Due to geopolitical gambits and renewed interest in activist industrial policy, public subsidies are once again both a policy option and a concern.
The tech industry, which is relatively spared from market distortions, is at the centre of attention. Securing indigenous capabilities in critical or emerging technologies like AI, 5G, automation, or chipset-fabrication is a national objective in East and West. Some of these ambitions could very well tip the level playing field, detrimental to European interests.
As a supplement to existing WTO rules and EU trade instruments, including countervailing duties (on goods), the European Commission has proposed a new regulation to investigate and rectify the negative impact of non-EU subsidies on acquisitions, public procurement and other situations. Given how the ICT industry thrives thanks to scale, it is likely a subject for further scrutiny. Not least given the plans for direct support for the industry in both the US and China.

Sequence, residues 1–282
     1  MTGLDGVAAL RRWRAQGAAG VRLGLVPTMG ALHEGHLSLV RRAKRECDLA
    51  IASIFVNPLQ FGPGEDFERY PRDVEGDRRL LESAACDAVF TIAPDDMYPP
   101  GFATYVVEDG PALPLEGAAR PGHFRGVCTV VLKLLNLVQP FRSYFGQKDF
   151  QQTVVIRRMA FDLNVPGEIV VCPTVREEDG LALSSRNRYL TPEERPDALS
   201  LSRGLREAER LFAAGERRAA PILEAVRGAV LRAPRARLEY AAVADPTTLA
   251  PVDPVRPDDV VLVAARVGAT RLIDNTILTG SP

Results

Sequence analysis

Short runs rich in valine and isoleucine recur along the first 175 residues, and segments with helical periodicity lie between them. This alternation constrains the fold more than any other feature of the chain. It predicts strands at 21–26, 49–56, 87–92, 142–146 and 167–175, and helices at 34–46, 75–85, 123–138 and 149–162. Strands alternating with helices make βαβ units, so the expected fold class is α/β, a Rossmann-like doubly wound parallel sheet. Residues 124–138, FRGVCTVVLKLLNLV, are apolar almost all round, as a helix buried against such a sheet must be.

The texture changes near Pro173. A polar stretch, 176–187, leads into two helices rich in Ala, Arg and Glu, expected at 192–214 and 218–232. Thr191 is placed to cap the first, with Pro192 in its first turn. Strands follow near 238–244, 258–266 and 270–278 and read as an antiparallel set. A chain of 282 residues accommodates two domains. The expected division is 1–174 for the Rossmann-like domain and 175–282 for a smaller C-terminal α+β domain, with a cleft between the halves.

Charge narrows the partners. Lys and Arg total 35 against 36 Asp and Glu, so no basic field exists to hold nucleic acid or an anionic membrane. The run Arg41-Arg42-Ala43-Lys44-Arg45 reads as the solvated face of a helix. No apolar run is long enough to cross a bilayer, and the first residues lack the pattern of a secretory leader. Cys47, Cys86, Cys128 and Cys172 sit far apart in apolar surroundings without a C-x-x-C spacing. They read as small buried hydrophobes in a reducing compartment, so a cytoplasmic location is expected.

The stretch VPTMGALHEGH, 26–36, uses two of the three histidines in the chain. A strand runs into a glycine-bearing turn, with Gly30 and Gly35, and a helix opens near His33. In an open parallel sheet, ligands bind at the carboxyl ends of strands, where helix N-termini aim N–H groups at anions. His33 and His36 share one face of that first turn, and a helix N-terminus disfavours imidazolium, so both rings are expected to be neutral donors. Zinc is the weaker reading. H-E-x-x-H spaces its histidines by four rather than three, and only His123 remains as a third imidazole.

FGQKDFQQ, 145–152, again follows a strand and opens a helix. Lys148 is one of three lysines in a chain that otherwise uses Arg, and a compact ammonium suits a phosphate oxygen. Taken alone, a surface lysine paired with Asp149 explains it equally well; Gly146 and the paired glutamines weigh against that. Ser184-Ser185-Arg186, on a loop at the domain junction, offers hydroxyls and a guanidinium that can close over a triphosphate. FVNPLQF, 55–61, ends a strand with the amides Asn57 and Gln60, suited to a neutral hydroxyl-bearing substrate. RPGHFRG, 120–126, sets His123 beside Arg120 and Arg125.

- When are foreign subsidies distortive or benevolent to the EU Single Market?
- What does competition policy add to existing multilateral rules and EU disciplines? Are we doing enough?
- How can market economies deal with state capitalism: Are some governments trying to fight fire with fire?
Join us for a conversation with Eddy De Smijter, Head of Unit for International Relations, DG Competition, European Commission and the representatives of the European ICT industry. The discussion will be led by Hosuk Lee-Makiyama, director of ECIPE.